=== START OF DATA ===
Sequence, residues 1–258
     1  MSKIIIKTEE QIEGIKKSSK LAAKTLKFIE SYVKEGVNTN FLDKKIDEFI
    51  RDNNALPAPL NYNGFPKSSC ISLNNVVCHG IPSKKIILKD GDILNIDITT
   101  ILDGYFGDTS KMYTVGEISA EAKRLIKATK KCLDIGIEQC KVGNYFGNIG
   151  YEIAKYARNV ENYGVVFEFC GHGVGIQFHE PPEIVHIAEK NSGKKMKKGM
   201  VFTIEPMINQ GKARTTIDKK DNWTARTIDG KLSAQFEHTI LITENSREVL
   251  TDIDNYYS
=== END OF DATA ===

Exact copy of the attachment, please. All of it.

Sequence, residues 1–258
     1  MSKIIIKTEE QIEGIKKSSK LAAKTLKFIE SYVKEGVNTN FLDKKIDEFI
    51  RDNNALPAPL NYNGFPKSSC ISLNNVVCHG IPSKKIILKD GDILNIDITT
   101  ILDGYFGDTS KMYTVGEISA EAKRLIKATK KCLDIGIEQC KVGNYFGNIG
   151  YEIAKYARNV ENYGVVFEFC GHGVGIQFHE PPEIVHIAEK NSGKKMKKGM
   201  VFTIEPMINQ GKARTTIDKK DNWTARTIDG KLSAQFEHTI LITENSREVL
   251  TDIDNYYS